Most of the muscles in our bodies work only in response to incoming nerve signals, which must stimulate each individual muscle cell to contract or relax. But the heart muscle is different. The impulses that cause the heart muscle to contract are transmitted from one muscle cell to its neighbors, resulting in a wave of regular contractions. This is so integrated into the system that a sheet of cardiomyocytes in the implant dish begins to contract spontaneously.
Now, researchers have taken advantage of some of the unique properties of heart cells to build a robotic fish that swims powered only by sugar. And while they were trying to make the heart’s equivalent of a pacemaker, it turned out that it wasn’t necessary: the correct arrangement of the muscle cells made the fish spontaneously swim.
Building a heart-like muscle
In some ways, the paper describing the new robot fish is an appreciation of our increasing ability to control stem cell growth. The researchers behind the research, based at Harvard University, decided to use heart muscle cells to power their robot. Two years ago, this meant dissecting a heart from an experimental animal before isolating heart cells and growing them in culture.
For the thickness of the robot, the stem cells were better. That’s because stem cells are easier to genetically manipulate, and they are easier to grow into a uniform population. So, the team started with a set of human stem cells and went through the process needed to direct their growth so that they could form heart muscle cells.
A thin layer of these cells was placed inside a thin slice of gelatin, which holds the cells in place on either side of the “fish” (one slice on both sides). The center of the fish was flexible, so a contraction of the muscle of the right flank would pull the tail to the right, and the same was true for the other side. Alternating between right and left contractions, the fish pulls its tail from side to side, pushing it forward. Moreover, the fish has a large dorsal “fin” that contains a buoyancy device to keep the beast upright and prevent it from drowning. Everything was supported by placing it in a solution with sugar, which was absorbed by the cells of the heart muscle.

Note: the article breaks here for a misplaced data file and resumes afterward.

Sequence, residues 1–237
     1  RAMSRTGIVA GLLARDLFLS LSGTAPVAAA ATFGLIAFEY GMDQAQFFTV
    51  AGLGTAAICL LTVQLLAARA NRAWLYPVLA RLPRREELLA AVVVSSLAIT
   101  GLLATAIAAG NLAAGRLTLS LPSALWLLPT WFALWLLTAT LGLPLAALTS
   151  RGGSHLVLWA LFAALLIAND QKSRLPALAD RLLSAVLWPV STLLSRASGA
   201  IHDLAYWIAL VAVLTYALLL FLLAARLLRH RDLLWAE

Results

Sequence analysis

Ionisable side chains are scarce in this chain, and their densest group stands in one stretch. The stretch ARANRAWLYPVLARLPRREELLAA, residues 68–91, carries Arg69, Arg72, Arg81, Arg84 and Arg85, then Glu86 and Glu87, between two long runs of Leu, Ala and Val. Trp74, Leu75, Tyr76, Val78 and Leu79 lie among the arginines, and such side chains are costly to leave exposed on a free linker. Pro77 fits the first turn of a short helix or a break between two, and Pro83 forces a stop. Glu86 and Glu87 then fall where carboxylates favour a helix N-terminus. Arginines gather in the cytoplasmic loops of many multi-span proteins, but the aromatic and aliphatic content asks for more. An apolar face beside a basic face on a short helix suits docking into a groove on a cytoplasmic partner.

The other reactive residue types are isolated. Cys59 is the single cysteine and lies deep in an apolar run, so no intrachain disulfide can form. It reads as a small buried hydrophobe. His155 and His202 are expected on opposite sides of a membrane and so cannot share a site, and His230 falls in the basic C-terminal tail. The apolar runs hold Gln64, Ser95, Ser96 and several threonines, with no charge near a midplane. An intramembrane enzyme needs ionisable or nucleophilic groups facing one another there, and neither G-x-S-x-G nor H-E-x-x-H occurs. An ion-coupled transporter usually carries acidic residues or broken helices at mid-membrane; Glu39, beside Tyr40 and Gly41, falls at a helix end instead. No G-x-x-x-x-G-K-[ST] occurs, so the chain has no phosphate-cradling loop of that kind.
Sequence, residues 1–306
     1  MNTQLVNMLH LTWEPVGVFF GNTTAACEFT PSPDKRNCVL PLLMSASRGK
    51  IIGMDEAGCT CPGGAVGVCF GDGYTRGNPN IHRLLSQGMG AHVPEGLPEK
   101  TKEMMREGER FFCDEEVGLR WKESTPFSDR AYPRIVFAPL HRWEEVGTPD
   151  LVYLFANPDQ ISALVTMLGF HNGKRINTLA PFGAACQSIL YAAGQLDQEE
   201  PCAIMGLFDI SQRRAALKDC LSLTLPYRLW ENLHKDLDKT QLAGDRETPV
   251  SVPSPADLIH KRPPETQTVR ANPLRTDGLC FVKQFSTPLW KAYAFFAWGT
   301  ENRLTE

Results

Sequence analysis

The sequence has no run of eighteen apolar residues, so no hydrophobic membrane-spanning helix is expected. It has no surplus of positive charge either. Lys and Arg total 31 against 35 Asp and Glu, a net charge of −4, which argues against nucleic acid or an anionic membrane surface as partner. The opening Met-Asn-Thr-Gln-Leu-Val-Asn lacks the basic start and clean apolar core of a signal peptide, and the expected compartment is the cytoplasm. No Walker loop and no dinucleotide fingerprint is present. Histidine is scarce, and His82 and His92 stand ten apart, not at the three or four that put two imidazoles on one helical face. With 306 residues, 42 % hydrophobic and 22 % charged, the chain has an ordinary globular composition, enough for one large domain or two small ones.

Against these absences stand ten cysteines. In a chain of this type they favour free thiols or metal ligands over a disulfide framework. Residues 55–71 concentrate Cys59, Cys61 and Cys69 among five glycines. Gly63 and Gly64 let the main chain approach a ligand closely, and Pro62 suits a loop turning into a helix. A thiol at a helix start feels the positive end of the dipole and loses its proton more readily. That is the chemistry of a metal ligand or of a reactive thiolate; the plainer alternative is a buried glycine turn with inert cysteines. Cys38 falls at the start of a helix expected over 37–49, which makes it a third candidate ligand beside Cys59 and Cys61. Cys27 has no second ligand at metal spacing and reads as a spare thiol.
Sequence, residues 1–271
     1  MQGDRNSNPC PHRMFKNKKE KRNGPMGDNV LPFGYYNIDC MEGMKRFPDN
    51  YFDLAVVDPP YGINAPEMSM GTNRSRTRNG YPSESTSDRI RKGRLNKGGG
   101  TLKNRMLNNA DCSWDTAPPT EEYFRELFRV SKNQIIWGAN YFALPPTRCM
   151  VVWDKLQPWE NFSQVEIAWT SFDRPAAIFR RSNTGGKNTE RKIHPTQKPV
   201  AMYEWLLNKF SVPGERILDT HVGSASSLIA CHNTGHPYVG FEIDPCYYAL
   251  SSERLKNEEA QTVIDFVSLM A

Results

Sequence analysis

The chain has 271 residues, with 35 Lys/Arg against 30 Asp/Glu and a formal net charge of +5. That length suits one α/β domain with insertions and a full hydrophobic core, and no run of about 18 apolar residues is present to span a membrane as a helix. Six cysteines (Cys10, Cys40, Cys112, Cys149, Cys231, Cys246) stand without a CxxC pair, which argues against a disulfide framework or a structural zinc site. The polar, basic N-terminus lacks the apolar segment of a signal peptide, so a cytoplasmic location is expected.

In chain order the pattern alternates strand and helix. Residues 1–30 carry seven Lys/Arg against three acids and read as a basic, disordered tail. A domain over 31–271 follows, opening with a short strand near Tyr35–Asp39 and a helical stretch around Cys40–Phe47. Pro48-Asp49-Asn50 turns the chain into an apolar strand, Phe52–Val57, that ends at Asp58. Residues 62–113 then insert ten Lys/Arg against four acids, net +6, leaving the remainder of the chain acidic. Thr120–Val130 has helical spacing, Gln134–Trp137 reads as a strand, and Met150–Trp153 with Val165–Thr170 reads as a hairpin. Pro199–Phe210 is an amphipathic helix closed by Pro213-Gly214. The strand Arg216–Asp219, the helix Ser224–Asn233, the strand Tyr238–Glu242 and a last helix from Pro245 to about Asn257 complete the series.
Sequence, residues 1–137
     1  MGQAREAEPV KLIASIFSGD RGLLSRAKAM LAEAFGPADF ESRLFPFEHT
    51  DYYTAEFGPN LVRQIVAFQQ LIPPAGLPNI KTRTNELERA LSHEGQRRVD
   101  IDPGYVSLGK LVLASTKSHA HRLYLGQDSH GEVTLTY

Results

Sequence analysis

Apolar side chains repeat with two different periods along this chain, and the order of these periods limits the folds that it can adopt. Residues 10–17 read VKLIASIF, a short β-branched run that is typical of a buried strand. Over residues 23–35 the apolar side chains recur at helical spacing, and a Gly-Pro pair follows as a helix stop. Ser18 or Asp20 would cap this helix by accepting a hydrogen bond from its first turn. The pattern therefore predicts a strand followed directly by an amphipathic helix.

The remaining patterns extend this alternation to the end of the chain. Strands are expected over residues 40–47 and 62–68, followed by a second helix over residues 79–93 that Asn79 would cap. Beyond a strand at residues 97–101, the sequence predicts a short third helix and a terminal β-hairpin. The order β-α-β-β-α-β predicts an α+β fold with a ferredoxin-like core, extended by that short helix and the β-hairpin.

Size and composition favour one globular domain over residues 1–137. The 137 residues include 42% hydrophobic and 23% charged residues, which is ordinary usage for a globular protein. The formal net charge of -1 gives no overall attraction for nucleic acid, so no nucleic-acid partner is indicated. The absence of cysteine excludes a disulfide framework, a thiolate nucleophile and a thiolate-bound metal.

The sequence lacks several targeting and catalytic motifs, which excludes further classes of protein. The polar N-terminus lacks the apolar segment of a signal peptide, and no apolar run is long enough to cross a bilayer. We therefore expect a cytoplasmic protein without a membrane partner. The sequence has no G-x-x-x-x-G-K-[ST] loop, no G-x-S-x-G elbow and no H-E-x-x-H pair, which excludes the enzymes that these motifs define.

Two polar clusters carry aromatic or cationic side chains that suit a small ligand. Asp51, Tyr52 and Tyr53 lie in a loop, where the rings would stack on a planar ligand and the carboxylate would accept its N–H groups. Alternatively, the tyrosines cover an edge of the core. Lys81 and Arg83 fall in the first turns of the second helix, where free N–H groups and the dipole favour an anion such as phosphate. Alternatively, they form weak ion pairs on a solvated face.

Perhaps because of this simplicity, the robot was so durable that it was able to swim for more than three months after it was built. Performance was good at first but improved during the first month as the heart cells were better integrated into a cohesive muscle. In the end, the fish was able to travel more than its body length per second. At that pace, the robot was remarkably efficient—per unit of muscle mass, its swimming speed was better than that of actual fish.
In and out of control
One of the things that helped enable the robot fish’s efficiency can be seen in its absence in the image above: any kind of control circuit. Researchers have already tested a number of ways to control the muscles, but in the end they found that the simpler option was the best.
The first attempt at muscle control relied on a little genetic engineering. Muscles are stimulated to contract by an influx of ions, which is usually caused by nerve impulses. But the researchers have identified some proteins that act as light-activated ion channels, which will create a flux of ions in response to specific wavelengths of light. Therefore, the researchers designed the cells on one side to be sensitive to red light and those on the other side to be sensitive to blue. This worked well, as alternating flashes of red and blue light allowed the fish to swim forward.
The second method the researchers tried was inspired by the architecture of the heart, which contains a group of cells that act as a pacemaker by causing a contraction that spreads from there. The researchers formed a ball of heart cells to act as a pacemaker and made a bridge of cells connecting the heart cells to the wing muscles. The flow of ions initiated in the pacemaker cells can spread to the muscles, causing contraction.
This worked to some extent but turned out to be of secondary importance. Researchers discovered that the two muscles speed up each other’s contractions.
Cardiac muscle cells also contain stretch receptors. Pull the cell a lot, and the receptor will be activated and cause contraction. It turns out that this provides internal coordination of the flank muscles. When one side shrank on the right, it caused the cells on the other side to stretch. Once it reaches a critical point, the stretch receptors on the left side will stimulate that muscle to contract, and stretch to the right. This extension then restarted the cycle.
This won’t work indefinitely, and the two muscles will eventually get out of sync. The pacemaker can then help get them back into a regular cycle.
Overall, this is more impressive than useful (unless you’re the type who just admires useful stuff). There aren’t a lot of situations that require a robot to swim through a sugar solution, after all. But the fact that the researchers were able to discover how to use the basic biological properties of these cells to make an efficient machine certainly fits my definition of admiration.
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